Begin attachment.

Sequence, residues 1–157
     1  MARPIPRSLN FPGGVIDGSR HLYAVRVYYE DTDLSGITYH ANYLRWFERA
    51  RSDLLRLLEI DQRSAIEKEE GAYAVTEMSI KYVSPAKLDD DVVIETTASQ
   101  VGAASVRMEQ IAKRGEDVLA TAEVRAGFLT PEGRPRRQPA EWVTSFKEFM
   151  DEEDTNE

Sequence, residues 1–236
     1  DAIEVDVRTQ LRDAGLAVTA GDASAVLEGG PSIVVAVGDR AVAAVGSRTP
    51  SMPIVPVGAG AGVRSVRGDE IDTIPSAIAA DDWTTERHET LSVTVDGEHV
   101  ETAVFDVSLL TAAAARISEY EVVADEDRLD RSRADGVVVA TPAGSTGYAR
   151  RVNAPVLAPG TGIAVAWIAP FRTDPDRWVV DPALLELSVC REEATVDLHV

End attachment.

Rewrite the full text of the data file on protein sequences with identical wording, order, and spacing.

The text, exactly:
Sequence, residues 1–157
     1  MARPIPRSLN FPGGVIDGSR HLYAVRVYYE DTDLSGITYH ANYLRWFERA
    51  RSDLLRLLEI DQRSAIEKEE GAYAVTEMSI KYVSPAKLDD DVVIETTASQ
   101  VGAASVRMEQ IAKRGEDVLA TAEVRAGFLT PEGRPRRQPA EWVTSFKEFM
   151  DEEDTNE

Sequence, residues 1–236
     1  DAIEVDVRTQ LRDAGLAVTA GDASAVLEGG PSIVVAVGDR AVAAVGSRTP
    51  SMPIVPVGAG AGVRSVRGDE IDTIPSAIAA DDWTTERHET LSVTVDGEHV
   101  ETAVFDVSLL TAAAARISEY EVVADEDRLD RSRADGVVVA TPAGSTGYAR
   151  RVNAPVLAPG TGIAVAWIAP FRTDPDRWVV DPALLELSVC REEATVDLHV